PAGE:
The coalition has introduced more funding for regulators, tougher penalties for errant bankers and a Recommended. ANZ sacks banker over sexual harassment. CBA reshapes board as money laundering scandal bites. UBS said in a note the inquiry would be expensive and a distraction for the financial sector Regulatory action against Australian banks . ANZ , Westpac and NAB — rate rigging.

"Risks to our forecasts remain skewed to the downside especially as credit conditions continue to tighten and the federal election approaches (likely April/May 2019)."

Despite downgrading every bank, UBS noted there were some positives in the first-half results. Namely, banking sector revenue growing by 1.7 per cent, and NIM rising by 2 basis points (+0.02pc).

To sell, or not to sell

In the year to date, there have been steep losses in the share market for CBA (-11.8pc), Westpac (-4.8pc), ANZ (-1.3pc) and NAB (-3.7pc).

UBS slapped Westpac and ANZ with "sell" ratings, while CBA and ANZ got off better with "neutral" ratings.

It noted Westpac's first-half results benefited from its total revenue per share gaining 2.5 per cent, driven by a mortgage repricing in June last year, which boosted NIM by 7 basis points (+0.07pc).

But UBS had doubts about the quality of Westpac's assets, first raised a fortnight ago.

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Picture: iStockSource:istock. HOW many times have you covered an expense for a mate — take dinner, for example — and simply had them transfer you their share? CBA , AMP report big profit drops. .6 trillion ‘operating in darkness’. Aussie’s ‘multibillion-dollar idea’.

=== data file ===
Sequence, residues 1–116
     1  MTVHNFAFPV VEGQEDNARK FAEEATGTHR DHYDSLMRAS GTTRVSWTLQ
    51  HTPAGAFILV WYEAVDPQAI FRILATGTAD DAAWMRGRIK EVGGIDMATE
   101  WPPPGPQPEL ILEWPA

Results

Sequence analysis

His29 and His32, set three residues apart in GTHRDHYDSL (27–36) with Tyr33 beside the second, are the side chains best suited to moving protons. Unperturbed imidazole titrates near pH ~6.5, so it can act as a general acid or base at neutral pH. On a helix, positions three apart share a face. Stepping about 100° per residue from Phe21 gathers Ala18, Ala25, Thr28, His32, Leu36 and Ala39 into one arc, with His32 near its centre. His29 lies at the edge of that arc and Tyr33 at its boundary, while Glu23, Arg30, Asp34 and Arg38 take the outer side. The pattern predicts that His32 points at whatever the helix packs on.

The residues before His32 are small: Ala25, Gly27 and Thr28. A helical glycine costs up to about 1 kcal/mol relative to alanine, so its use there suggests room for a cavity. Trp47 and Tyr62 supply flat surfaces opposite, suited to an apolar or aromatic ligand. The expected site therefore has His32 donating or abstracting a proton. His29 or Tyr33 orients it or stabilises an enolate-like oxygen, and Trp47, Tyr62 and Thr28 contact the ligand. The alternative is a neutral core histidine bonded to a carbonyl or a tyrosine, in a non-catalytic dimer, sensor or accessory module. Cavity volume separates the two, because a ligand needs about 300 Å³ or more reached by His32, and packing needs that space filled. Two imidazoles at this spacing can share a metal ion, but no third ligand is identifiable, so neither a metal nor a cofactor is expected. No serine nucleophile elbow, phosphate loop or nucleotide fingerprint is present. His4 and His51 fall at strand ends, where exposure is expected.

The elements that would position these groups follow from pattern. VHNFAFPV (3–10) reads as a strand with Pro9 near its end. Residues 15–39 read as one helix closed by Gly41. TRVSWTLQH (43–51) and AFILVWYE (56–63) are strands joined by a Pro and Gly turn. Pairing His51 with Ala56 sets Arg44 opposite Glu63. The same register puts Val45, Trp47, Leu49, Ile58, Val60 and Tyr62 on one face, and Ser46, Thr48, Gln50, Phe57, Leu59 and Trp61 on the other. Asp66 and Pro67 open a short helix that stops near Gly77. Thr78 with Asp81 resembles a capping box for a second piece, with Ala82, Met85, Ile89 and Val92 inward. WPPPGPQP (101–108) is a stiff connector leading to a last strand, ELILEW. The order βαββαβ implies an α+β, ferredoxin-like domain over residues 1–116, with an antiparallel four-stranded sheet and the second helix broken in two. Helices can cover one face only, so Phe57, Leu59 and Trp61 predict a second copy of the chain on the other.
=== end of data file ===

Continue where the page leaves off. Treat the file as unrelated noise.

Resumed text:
It has also moved markets with shares in Westpac slumping 4 per cent on Thursday when a UBS ANZ and NAB declined to comment while Westpac was not immediately available to comment. David Murray, a former chief executive of CBA and author of a government commissioned report into

This was in light of Westpac's poor home lending practices, in APRA's Targeted Review,revealed publicly at the royal commission.

NAB's first-half results were "subdued" on the other hand, with revenue per share down 0.3 per cent, and loan growth at just 1 per cent.

However, NAB's earnings per share plunged by a sharp 18.5 per cent, given its substantial restructuring costs.

"Messy" was how ANZ's first-half results were described — though its net profit surged 14 per cent to $3.3 billion.

"While ANZ's costs fell on an absolute basis, there were no efficiency gains on a per share basis."

UBS found CBA's first-half result to be "reasonable", with its net profit beating expectations, and revenue per share gaining 4.6 per cent.

But the revenue growth was eroded by CBA's $200 million provision for the royal commission legal costs, and $375 million for potential AML fines.

Of course, there is no guarantee that AUSTRAC will settle its case against the nation's biggest bank for that amount, or whether there will indeed be a settlement.

Australia's Westpac appoints new customer relations head .
Westpac has created a new group executive position to help the bank set high service standards and resolve customer issues. The role of group executive, customer and corporate relations, will be filled by Carolyn McCann, who joined Westpac in 2013 and currently serves as its general manager, corporate affairs and sustainability. Her appointment comes as Australia's financial sector battles to rebuild public trust following revelations of widespread misconduct at an independent inquiry.